Home Features Health How to Keep Your Fitness Resolution


The month of January has come and gone; however, you can still work on your New Year’s resolution goals all year long. To help live a healthier lifestyle, Drew Sanez, a fitness expert at the Superstition Mountain Golf and Private Country Club gave some helpful advice on how to exercise and how one can physically improve their athletic ability and drive. Below are highlights and tips on how to begin and maintain your healthy work-out routine.

AFM: Is there an activity someone might want to consider to get them working out?

DS: I think general fitness is the best. For example, cardiovascular fitness and strength training because with those two components you are going to not only improve your heart health but also increase your lean muscle and that will help you burn fat over time.

AFM: On the Superstition Mountain Web site it is explained how stretching is essential to performance as an athlete in any sport and there is even a sports-stretch class, are there any specific stretches which you recommend?

DS: Yes, absolutely. At Superstition Mountain Fitness we really focus on not only fitness but athletic performance. A lot of our members are golfers and avid athletes so we focus on rotational exercises which help not only increase your range of motion but also improve your strength when you are playing tennis, or racquetball or whatever you like to do for fun.

AFM: Should one stretch before or after they exercise?

DS: At Superstition Mountain we have a class called Golf Performance and it’s a warm-up on the golf range. We have a fitness trainer that’s present at the driving range before a golf tournament or before a shotgun match, and they warm up the members before they play. I think it is crucial to do an active stretch before you exercise and then do a cool down stretch after you exercise or after you play a sport.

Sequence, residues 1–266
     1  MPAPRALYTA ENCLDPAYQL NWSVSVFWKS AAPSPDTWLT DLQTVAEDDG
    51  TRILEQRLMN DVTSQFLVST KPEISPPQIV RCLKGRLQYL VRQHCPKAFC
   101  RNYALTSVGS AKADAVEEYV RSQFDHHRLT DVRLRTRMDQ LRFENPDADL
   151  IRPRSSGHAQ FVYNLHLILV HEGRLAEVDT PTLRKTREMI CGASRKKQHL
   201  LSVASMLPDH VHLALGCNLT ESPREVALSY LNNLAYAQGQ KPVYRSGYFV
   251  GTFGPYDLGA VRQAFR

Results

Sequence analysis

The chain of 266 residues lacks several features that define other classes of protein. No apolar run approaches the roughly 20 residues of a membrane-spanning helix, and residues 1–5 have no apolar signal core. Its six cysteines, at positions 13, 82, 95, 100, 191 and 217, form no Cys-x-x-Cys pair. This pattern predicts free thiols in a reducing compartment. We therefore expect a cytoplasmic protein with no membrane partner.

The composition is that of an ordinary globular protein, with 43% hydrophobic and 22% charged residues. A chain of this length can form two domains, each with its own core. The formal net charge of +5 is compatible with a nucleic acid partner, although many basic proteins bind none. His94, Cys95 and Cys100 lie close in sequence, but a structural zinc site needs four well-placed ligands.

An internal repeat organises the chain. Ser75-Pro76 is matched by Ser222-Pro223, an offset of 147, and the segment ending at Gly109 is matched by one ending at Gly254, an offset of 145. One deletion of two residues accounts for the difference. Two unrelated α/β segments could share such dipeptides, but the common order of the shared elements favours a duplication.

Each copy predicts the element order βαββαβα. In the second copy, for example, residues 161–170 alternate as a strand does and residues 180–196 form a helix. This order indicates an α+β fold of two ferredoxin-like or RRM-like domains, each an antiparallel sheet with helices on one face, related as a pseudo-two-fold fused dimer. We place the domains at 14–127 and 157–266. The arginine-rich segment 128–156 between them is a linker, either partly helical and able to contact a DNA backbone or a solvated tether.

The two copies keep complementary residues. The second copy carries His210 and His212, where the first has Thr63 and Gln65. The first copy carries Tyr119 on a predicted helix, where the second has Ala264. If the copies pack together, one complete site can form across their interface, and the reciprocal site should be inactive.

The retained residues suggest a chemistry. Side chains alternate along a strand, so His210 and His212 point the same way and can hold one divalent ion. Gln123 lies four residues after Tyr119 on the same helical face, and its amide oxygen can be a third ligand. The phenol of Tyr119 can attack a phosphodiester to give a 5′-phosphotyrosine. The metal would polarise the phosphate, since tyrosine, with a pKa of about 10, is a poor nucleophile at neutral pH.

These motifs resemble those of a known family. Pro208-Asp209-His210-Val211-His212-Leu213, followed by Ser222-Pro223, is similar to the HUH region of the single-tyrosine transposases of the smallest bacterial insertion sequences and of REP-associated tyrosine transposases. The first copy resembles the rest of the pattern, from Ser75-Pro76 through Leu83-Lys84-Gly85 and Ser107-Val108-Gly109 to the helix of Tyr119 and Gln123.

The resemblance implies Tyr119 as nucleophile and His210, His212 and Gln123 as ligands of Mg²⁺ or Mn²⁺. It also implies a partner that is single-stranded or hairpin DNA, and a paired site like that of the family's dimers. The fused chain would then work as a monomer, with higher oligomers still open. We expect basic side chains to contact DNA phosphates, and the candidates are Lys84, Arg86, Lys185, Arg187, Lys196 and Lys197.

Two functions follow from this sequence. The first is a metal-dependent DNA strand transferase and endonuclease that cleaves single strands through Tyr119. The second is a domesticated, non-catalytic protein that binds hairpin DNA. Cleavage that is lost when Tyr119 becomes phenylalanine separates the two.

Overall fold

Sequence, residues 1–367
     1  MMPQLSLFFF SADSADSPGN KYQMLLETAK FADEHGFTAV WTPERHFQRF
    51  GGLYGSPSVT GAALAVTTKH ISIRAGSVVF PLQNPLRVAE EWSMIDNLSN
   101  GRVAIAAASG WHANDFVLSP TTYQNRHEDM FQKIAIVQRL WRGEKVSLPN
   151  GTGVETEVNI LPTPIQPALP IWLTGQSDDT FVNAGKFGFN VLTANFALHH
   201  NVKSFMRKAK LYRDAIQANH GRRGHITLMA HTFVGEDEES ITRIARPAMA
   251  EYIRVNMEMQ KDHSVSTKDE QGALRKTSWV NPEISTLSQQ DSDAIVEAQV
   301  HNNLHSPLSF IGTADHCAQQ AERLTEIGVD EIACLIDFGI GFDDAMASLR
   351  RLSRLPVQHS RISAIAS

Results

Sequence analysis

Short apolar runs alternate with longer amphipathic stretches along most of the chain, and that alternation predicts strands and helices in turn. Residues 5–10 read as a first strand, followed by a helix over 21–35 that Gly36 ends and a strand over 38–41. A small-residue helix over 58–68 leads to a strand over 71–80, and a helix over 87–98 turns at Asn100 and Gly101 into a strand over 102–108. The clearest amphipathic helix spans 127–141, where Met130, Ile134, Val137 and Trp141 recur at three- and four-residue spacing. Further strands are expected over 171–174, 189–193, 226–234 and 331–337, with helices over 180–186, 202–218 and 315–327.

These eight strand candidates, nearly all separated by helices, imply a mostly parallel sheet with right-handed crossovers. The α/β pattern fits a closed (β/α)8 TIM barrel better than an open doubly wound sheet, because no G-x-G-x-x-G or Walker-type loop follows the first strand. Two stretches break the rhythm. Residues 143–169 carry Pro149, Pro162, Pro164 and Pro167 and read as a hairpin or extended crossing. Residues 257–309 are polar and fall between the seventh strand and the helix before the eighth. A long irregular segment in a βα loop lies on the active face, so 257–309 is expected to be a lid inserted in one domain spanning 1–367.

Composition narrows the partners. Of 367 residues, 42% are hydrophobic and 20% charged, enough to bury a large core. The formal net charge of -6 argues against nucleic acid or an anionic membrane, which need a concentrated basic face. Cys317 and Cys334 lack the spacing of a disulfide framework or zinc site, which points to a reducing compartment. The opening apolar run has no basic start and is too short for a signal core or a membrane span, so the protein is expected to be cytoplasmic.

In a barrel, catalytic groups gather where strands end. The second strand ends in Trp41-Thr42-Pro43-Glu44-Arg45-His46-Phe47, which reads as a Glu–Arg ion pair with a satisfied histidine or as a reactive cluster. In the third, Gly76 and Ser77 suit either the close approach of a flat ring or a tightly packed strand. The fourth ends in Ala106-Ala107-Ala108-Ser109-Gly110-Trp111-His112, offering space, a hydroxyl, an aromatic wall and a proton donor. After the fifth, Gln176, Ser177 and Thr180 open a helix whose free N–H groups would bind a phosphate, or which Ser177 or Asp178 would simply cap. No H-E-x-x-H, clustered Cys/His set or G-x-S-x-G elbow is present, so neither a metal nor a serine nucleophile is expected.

AFM: What types of goals should one set when it comes to exercising?

DS: I believe people just need to pick two things that need to be non-negotiables when they are first starting on their fitness journey and that the first non-negotiable needs to be planned exercise at least three to four days per week so you have that in your schedule. The second non-negotiable is you have to at least drink half of your body weight in ounces of water per day. If you can at least hit those two everything else will fall into line.

AFM: How do you encourage people to stay motivated and continue exercising?

DS: At Superstition we like to track strength. For example, when you start a fitness journey you are not going to see the weight come off right away but what you will see right away is a strength increase. When you see people on either a machine or a body weight exercise that fits their needs then it will show them their results quickly. Within two to four exercise sessions they will see a dramatic improvement from when they first started.

AFM: What are some ideas you have for someone who wants to change their workout routine?

DS: To change your workout routine, I would definitely say to see a trainer that does group classes. At Superstition Mountain we have classes that are all general fitness based with that cardiovascular and strength component, and we always change it up so even if you are going to the same class maybe Monday, Wednesday and Friday, Monday is going to be completely different than Wednesday, same with Friday. It is important that you use the resources you have available to you so that you can change it up without having to reinvent the wheel on your own.

AFM: There are several Valley walks and Valley runs coming up including The Color Run in March and Pat’s Run in April. How do you recommend people should train for these?

DS: First, I would recommend using proper equipment. For example, at Superstition we always encourage our members that are going to exercise to have the proper tennis shoes. Second, I would say schedule at least two to three days per week where you are going to run at least half of the distance of your scheduled run and increase over time.